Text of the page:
It took the U.S. Army more than a century to adopt the moniker as the official special designation for the regiment, a distinction just approved by the Army in September and announced this year by the New York National Guard on the eve of Black History Month.


Myanmar: The security forces in Myanmar opened fire on demonstrators in several cities on Sunday, killing at least 18 people. It was the largest single-day toll since the protests began after the Feb. 1 coup.

Jamal Khashogghi: Even though the U.S. has accused Saudi Arabia’s crown prince of ordering the killing of the dissident Saudi writer, the Biden administration is wary of causing a break with an important Arab partner. The tension surrounding the release of an intelligence assessment on Mr. Khashogghi’s killing could complicate how the two countries interact going forward.

Snapshot: Above, a nurse reassures a patient in the I.C.U. at Homerton Hospital in London. While the British government has laid out plans for gradual reopening, the battle against Covid-19 is unrelenting in the country’s cramped intensive care wards, teeming with patients and doctors near despair. Our reporters and photographers went behind the front lines.

Long-lost letters: For over 70 years, a cache of more than 700 letters lay undisturbed in the wreckage of the S.S. Gairsoppa, sheltered from the Atlantic Ocean by well-positioned mail bags. Now, conservators at the Postal Museum in London are piecing together these undelivered messages from the past.

“Marijuana light”: A once-ignored derivative of hemp called Delta-8-THC has become a hot seller for Americans looking for a loophole around marijuana laws.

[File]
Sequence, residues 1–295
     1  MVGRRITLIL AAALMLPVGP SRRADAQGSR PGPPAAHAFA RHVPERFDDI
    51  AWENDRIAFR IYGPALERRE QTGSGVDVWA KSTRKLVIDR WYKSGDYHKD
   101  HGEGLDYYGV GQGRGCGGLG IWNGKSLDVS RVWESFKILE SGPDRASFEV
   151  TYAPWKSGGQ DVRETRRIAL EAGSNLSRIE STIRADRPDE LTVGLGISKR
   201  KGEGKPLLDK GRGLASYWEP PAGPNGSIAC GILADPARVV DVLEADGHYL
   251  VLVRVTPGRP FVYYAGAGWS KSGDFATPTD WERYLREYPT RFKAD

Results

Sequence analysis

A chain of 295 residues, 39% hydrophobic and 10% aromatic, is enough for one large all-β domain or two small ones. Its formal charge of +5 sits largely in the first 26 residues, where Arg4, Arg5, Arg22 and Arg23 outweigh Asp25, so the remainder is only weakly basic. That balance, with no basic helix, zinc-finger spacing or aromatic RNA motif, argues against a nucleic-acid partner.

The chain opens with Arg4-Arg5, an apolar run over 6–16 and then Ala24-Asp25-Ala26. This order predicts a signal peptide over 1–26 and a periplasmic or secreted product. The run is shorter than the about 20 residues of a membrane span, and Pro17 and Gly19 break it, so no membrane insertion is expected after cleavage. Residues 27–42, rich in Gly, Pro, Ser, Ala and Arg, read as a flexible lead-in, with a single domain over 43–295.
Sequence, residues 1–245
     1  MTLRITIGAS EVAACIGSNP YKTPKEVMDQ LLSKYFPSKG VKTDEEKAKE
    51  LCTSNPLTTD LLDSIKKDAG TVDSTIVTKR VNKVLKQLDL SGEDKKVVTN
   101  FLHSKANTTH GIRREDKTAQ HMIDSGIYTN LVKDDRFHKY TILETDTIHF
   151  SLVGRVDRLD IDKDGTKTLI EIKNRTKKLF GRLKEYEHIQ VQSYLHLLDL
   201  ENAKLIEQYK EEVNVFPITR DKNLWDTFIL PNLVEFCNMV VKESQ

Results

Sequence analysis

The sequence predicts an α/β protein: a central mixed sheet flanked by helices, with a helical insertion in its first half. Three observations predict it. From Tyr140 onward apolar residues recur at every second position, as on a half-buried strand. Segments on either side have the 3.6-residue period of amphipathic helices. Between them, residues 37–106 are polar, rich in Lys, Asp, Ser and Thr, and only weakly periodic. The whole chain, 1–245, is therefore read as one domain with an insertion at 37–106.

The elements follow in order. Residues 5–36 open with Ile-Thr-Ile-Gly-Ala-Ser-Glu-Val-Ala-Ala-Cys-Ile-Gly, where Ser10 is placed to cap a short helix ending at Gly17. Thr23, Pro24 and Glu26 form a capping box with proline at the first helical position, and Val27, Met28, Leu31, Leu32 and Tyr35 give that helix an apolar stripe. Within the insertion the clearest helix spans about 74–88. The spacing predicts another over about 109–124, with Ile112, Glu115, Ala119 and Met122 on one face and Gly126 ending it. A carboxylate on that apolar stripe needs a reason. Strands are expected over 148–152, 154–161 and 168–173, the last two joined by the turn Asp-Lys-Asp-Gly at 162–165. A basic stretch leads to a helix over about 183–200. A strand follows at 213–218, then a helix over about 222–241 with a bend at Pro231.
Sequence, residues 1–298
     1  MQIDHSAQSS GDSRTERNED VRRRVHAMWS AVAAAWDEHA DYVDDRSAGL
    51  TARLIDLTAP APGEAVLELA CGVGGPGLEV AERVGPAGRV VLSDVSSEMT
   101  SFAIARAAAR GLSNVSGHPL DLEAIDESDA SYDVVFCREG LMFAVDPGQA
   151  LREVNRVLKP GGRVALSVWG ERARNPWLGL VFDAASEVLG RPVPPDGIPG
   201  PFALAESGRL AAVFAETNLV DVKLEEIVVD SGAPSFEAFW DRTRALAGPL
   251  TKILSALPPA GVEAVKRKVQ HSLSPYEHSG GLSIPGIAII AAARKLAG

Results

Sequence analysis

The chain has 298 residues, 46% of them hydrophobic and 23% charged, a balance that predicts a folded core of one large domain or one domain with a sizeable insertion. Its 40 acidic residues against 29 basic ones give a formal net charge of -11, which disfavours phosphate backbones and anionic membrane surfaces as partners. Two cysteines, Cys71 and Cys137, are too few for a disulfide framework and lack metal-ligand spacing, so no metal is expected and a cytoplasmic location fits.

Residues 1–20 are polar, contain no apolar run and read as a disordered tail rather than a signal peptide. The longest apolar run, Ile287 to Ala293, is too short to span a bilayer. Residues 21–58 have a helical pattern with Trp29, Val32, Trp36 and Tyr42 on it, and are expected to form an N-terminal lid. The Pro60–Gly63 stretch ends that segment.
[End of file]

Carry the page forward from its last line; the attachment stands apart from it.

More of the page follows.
What we’re reading: This bittersweet article in The New Yorker about the queer foster families that provided a refuge for L.G.B.T. youth in the 1970s.

Cook: Tartiflette, an Alpine potato and bacon casserole, bakes up golden and gloriously gooey thanks to its top layer of soft, pungent rind cheese.

Listen: For the past six weeks, the top Billboard song has been “Drivers License” by 18-year-old Olivia Rodrigo. Here’s how she made it.

Do: Some homeowners have turned renovation projects into a creative outlet during the pandemic, from a redesigned laundry room to a new home theater.


Start March with a bang. At Home has ideas on what to read, cook, watch and do while staying safe at home.

The Times Book Review is 125 years old a moment for celebration, but also introspection. Parul Sehgal, a critic and former editor at the Book Review, looked back critically at its legacy. This is an edited extract from her thoughts on why now is the right time to delve into the past.

My brief, you could say, was to review the Book Review, to consider the coverage of “women, people of color, L.G.B.T.Q. writers” and changing mores in criticism. But what revelatory news could I possibly bring? The word “archive” derives from the ancient Greek arkheion, sometimes translated as “house of the ruler.” Who wanders there with any illusions?

What could those reviews contain? Some misjudgments, to be sure — masterpieces misunderstood in their time. A few preternaturally sensitive assessments. Fluorescent condescension and stereotype. Above all, the pleasant and dubious satisfactions of feeling superior to the past.

And yet. In recent years, The Times has faced scrutiny of the racial and gender imbalance in its reviews. One survey, which looked at nearly 750 books assessed by The Times in 2011, across all genres, found that nearly 90 percent of the authors assessed were white.


But what about the reviews themselves: the language, the criteria? When “women, people of color, L.G.B.T.Q. writers” were reviewed, how was their work positioned? What patterns can we trace, what consequences? And what do we do with this knowledge — how can it be made useful? When we come to know, what do we really see?

That’s it for this briefing. Have a great start to the week.

— Natasha

Thank you
To Theodore Kim and Jahaan Singh for the break from the news, and to Parul Sehgal for the Back Story. You can reach Natasha and the team at [email protected].